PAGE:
Athena Andreadis


Alumna Profiled: Athena Andreadis
Graduated: PIERCE ‘73
Lives in: Athens, Greece
Current Position: Scientist, science ambassador, writer, editor

“Never complain, never explain.”

Dr. ATHENA ANDREADIS is a molecular biologist, distinguished both for her scientific achievements and her creative talent. After graduating from PIERCE, Athena Andreadis earned her BA (magna cum laude) from Harvard University and her Ph.D. in Molecular Biology from the Massachusetts Institute of Technology. During her 30-year academic career she fulfilled many roles, from extensive basic research on brain function to mentoring scientists at all stages of their academic careers and from presenting science to NASA engineers to making the universe comprehensible to science fiction authors. Until mid-2013, Athena was Associate Professor of Cell Biology at the University of Massachusetts Medical School. She is a published author of popular science books (To Seek Out New Life: The Biology of Star Trek) and prose and poetry. She is also the engine behind The Other Half of the Sky, an anthology of original space opera that changed the landscape of science fiction. Since 2015, Athena has been the chief astrogator of the tiny but indomitable and highly acclaimed indie press, Candlemark & Gleam. It focuses on eliciting and nurturing literary-quality speculative fiction. Her research has contributed significantly to understanding the genetic regulatory mechanism responsible for dementia. At the same time, her writings on science and speculative fiction introduce the wonders of the universe to broader audiences, illuminating the beauty and power of science.


Q.: What are three enduring lessons you learned during your studies at PIERCE?

I went to PIERCE during the military junta; at that time, Greek women were de facto and de jure second-class citizens. At the same time, PIERCE was an elite school and all secondary schools in Greece were gender-segregated. So we didn’t have to play dumb to appease or attract boys, nor did our teachers neglect us in favor of boys (though the dreaded, dreadful “Home Economics” class did briefly raise its obligatory head.) In this context, here’s what I learned from PIERCE: my instinctive hunch that women are full humans (for both good and ill) got embedded in granite; I got my first taste of US cultural parochialism from some of the exchange teachers who taught us English; and I received rigorous training in shaping my dreams into reality.

Q.: Describe PIERCE in three words.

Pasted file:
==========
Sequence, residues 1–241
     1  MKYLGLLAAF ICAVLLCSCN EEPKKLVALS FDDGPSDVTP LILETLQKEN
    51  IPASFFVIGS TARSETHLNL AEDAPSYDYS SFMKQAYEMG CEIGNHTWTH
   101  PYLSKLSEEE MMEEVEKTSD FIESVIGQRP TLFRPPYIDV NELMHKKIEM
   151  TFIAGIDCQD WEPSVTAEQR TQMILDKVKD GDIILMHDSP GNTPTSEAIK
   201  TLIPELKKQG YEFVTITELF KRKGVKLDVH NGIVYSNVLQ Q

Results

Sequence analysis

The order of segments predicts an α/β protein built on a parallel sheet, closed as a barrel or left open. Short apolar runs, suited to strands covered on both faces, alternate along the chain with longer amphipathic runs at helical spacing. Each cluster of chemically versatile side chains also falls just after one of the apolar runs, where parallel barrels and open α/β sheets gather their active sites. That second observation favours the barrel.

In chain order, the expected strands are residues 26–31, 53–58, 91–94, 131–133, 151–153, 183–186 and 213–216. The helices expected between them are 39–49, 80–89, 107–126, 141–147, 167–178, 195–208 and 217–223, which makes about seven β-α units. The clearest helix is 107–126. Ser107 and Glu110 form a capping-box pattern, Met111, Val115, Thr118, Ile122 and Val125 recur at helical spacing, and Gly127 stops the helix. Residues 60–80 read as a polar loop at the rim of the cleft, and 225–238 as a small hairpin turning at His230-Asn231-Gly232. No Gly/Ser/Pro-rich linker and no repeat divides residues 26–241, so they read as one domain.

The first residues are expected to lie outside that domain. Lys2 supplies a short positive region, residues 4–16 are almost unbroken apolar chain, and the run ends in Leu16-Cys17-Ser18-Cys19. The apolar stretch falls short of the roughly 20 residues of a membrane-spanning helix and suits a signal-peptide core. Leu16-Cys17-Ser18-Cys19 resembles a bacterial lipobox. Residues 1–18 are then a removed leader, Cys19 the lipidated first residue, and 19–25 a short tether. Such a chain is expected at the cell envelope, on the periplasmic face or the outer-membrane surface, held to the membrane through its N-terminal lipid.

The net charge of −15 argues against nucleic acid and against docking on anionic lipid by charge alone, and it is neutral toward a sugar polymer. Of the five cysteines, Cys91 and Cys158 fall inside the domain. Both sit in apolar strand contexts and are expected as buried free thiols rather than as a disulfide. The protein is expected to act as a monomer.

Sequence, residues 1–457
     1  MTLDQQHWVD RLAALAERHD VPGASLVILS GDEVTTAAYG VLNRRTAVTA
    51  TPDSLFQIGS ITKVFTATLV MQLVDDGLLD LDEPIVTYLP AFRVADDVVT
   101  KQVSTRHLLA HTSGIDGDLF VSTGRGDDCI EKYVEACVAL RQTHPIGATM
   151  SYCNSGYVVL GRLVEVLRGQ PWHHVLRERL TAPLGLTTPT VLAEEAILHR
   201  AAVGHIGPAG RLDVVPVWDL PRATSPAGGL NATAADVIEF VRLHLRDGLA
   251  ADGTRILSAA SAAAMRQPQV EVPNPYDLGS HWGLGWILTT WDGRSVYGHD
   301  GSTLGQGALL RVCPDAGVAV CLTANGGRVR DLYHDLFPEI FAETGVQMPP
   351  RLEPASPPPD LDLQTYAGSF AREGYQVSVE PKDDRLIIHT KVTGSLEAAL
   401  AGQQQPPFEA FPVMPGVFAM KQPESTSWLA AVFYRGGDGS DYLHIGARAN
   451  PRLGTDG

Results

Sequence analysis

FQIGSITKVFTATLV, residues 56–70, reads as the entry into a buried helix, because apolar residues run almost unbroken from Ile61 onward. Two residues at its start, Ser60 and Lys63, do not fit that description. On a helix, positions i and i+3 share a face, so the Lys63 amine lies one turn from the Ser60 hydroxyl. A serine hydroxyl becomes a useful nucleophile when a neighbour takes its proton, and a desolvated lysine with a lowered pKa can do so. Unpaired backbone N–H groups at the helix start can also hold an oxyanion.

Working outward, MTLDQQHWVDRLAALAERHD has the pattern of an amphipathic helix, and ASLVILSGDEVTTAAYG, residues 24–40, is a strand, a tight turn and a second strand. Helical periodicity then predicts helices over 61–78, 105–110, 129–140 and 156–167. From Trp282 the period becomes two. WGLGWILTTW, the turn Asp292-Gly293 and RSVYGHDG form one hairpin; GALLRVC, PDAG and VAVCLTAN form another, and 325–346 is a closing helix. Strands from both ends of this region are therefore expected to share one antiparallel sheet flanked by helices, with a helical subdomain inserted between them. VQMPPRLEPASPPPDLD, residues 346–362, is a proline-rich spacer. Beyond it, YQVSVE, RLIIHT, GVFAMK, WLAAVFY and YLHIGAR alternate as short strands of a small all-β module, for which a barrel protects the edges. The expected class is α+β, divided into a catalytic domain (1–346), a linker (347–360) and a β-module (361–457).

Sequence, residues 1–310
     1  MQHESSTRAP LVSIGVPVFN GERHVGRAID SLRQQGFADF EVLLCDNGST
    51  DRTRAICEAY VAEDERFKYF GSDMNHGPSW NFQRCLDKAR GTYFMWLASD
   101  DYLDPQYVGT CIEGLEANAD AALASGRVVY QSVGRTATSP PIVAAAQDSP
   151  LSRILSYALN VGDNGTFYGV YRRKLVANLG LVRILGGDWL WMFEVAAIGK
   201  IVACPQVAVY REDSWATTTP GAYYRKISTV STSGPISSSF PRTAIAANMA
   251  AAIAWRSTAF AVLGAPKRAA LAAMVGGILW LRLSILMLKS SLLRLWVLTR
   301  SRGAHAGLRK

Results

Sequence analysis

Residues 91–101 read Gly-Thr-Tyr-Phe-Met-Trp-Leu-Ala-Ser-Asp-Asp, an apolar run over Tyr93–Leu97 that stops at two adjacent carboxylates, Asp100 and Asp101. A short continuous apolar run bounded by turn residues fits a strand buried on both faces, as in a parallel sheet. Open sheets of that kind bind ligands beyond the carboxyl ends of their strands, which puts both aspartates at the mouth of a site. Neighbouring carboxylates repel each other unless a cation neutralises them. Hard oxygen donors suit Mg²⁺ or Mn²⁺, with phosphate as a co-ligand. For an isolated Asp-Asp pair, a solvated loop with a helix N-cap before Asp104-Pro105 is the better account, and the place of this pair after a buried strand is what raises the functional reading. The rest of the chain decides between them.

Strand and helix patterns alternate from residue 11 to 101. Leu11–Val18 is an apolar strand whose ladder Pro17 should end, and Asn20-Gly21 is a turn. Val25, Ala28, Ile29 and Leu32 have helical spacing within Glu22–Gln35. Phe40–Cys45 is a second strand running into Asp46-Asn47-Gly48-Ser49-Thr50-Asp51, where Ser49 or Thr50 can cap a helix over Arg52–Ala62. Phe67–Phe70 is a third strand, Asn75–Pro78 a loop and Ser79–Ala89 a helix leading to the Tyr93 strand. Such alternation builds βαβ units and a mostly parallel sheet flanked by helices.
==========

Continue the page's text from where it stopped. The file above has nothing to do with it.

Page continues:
A life-defining experience.

Q.: One of your favorite PIERCE memories?

Doxiadis had originally designed the PIERCE building for Egypt – all glass and open spaces. Up there on the slopes of Hymettus, our legs froze in winter but trousers were a no-no – couldn’t usurp sacred masculine prerogatives! One bitterly cold day, I came with trousers underneath the uniform skirt. When the inevitable call to the principal’s office came, I pointed out that trousers weren’t explicitly forbidden; skirts were compulsory and I was wearing one. I was the best student in the school, so they gave in. And a few other brave souls started following my lead when the cold bit too hard.

Q.: What do you miss most from your days at PIERCE?

I miss the fierce focus and the sense of many possible futures unfurling. I wrote a poem about the folding of that lovely fan of many choices: “Mid-Journey.”

Q.: Where was your favorite spot on campus?

There was a way to climb up the mountainside, to the deck of the house of a PIERCE top administrator. The view was spectacular, and I liked seeing everything while being unseen myself (the same reason why I always sat at the very back desk, which also allowed me to read outside books and texts while feigning rapt attention to things like religion class – a loner’s feral habits).

Q.: Who was your favorite teacher and why?

I liked too many to select just one; I also disliked a few. What I liked overall is that they were aware enough of their value to remain opinionated while delivering the required curriculum – and aware enough of our potential to treat us, for the most part, like adults (though I had to mount a campaign to gain unrestricted access to all sections of the school library).

Q.: Have you kept in touch with any of your classmates?

I have, despite the constraints imposed by my physical distance.

Q.: How did PIERCE help prepare you for your professional life?

It gave me an unusually high-quality education (I took advanced courses at Harvard in my first year without a hitch) and an unshakable sense of self-worth and self-respect.

Q.: What’s the greatest piece of advice you’ve ever received?

I never listen to advice unless it’s entirely concrete (shift car gears like this… repair centrifuge belt like that…) I ascribe my greatest successes – and greatest failures – to that attribute.

Q.: Who inspires you most?

The concept of shaping the dark – central to both science and art. I write about this in more detail in my award-winning essay “The Double Helix: Why Science Needs Science Fiction.”

Q.: Your motto in life?

Never complain, never explain.

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